There was another Iowa recruit who won a state title, too -- he's just not an Iowa wrestling recruit. Bettendorf's Griffin Liddle, the son of former Iowa heavyweight wrestler Josh Liddle, is a 3* member of Iowa's 2021 football recruiting class, where he projects as a defensive tackle. But he's also a pretty good wrestler, too. After finishing 5th as a freshman and runner-up as a sophomore, Liddle finally got on top of the podium this season. Liddle, who ended the season with a perfect 19-0 record, pinned his way to the finals (with times of 5:39, 1:46, and 3:31), before he dispatched Ames' Gabriel Greenlee with a 7-2 decision win to earn his first state championship. Hopefully that's the first of many winning performances for him against opponents from Ames over the next few years. Liddle would be a pretty highly sought after heavyweight recruit if he was interested in pursuing wrestling in college, but he's going the football route instead. Given the success of several former standout high school wrestlers at Iowa (Austin Blythe, Tyler Linderbaum, Tristan Wirfs, Matt Roth, James Ferentz, to name a few), it's easy to see why he's making that decision. Just a junior, Liddle will have an opportunity to become a repeat state champion next season. 

The most high-profile wrestler at this year's state tournament wasn't any of the Iowa commits in action -- though we hope he may soon become an Iowa commit. Fort Dodge's Drake Ayala has already established himself as one of the top in-state prospects in several years and his performance over the weekend didn't do anything to dispel that hype. After wrestling for a whole three minutes and 16 seconds in the first round (before finishing a 20-5 technical fall), Ayala wrestled just three minutes and thirty-four seconds combined over the next three matches, including the state final. Ayala recorded a pin in 1:40 in the second round, a pin in 1:09 in the semifinals, and polished things off with a pin in 0:45 seconds in the final.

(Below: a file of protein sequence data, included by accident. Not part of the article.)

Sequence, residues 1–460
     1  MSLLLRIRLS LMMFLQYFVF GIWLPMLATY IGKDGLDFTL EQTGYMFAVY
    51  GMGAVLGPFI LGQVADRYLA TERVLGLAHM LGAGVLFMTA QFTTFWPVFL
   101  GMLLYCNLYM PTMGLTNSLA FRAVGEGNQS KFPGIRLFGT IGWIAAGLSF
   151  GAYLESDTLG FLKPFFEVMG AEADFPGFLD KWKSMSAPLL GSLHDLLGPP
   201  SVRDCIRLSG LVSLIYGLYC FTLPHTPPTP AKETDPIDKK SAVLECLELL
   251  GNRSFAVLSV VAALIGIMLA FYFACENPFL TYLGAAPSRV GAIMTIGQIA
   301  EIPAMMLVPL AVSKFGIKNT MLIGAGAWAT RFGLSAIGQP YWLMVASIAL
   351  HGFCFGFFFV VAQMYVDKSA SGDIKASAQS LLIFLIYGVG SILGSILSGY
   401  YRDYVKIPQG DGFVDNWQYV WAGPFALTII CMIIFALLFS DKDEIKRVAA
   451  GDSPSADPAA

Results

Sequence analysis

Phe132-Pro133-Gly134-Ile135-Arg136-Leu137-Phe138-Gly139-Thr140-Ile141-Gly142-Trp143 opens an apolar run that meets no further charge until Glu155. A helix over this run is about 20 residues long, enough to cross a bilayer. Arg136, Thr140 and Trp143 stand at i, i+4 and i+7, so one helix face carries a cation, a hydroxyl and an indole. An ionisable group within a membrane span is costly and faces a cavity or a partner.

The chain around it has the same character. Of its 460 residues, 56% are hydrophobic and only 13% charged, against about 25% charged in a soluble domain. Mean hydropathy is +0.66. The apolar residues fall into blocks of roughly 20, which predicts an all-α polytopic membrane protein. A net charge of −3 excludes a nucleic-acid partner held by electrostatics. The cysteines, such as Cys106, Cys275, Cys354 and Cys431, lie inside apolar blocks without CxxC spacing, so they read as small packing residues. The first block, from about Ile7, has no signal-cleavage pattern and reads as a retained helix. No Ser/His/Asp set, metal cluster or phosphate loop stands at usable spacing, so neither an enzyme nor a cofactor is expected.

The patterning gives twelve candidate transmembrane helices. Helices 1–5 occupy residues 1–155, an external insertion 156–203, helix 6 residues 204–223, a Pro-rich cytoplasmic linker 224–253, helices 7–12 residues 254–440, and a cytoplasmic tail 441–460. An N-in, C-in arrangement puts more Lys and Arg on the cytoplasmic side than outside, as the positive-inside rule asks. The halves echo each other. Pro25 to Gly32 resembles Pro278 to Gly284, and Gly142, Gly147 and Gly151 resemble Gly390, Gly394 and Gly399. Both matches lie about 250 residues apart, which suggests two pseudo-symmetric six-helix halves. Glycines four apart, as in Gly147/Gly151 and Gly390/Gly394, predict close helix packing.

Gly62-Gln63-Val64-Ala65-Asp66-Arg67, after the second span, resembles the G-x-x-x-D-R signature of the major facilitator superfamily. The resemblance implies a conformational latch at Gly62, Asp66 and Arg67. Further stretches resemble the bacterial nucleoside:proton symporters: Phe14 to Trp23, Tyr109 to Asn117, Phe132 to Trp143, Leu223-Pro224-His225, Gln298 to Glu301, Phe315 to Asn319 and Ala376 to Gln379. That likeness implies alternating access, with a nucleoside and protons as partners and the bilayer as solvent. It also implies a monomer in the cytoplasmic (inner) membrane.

A Class of 2021 prospect, Ayala's dominant performance capped off a run that earned him his second Iowa state championship. He'd almost certainly be a three-time champion bidding to join the four-timers club next season if he hadn't run into Cullan Schriever at the state tournament a few years ago. He'll just have to settle for tearing through the field and becoming one of the most coveted prospects from the state of Iowa in years. Ayala projects at 125/133 in college and would be an ideal replacement for Spencer Lee or Austin DeSanto in a few years; hopefully he feels the same way. 

Finally, speaking of the four-timers club, there was one new addition to that crew on Saturday night: Lisbon senior Cael Happel. Happel, who ended his season at 50-0, cruised to his fourth title, with technical falls in the first and second rounds, a 28-second pin in the semifinals and a pin in 3:29 in the state final over Underwood's Logan James. Happel's name should sound familiar -- he's the younger brother of Iowa junior Carter Happel, who was himself a four-time state champion at Lisbon before joining Iowa. That family has a whole lot of state titles, between the two Happel boys and their father: 

Congrats, Cael Happel. He'll be competing for UNI in college.